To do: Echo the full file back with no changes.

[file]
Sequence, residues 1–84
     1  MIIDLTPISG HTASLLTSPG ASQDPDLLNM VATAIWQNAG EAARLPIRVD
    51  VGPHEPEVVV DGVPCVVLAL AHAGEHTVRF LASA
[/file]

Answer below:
Sequence, residues 1–84
     1  MIIDLTPISG HTASLLTSPG ASQDPDLLNM VATAIWQNAG EAARLPIRVD
    51  VGPHEPEVVV DGVPCVVLAL AHAGEHTVRF LASA